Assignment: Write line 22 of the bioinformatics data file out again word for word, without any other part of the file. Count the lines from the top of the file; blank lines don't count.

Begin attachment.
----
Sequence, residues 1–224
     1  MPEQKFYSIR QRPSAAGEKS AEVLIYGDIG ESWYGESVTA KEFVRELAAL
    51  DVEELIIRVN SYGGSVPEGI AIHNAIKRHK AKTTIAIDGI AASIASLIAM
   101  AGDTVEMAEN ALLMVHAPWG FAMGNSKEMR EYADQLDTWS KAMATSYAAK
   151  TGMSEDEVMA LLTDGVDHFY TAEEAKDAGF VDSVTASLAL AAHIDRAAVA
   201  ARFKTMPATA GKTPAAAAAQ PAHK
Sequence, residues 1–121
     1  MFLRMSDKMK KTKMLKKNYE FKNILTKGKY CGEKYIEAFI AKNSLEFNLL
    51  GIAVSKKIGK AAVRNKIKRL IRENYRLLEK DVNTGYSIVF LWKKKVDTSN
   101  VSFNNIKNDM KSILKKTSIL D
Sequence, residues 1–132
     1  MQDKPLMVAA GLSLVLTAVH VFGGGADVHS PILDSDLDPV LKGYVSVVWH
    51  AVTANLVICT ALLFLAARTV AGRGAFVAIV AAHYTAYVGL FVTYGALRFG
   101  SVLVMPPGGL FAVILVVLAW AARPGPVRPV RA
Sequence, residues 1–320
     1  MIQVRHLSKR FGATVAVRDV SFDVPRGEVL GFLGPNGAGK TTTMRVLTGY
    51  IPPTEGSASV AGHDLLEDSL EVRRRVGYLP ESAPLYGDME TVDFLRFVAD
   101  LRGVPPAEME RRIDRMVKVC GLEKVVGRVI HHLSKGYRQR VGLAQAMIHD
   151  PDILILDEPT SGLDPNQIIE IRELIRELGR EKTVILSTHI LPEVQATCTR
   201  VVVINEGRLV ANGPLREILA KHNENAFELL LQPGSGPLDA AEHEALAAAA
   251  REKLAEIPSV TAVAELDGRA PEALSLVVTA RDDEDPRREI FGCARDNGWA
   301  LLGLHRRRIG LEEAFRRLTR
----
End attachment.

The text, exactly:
   301  LLGLHRRRIG LEEAFRRLTR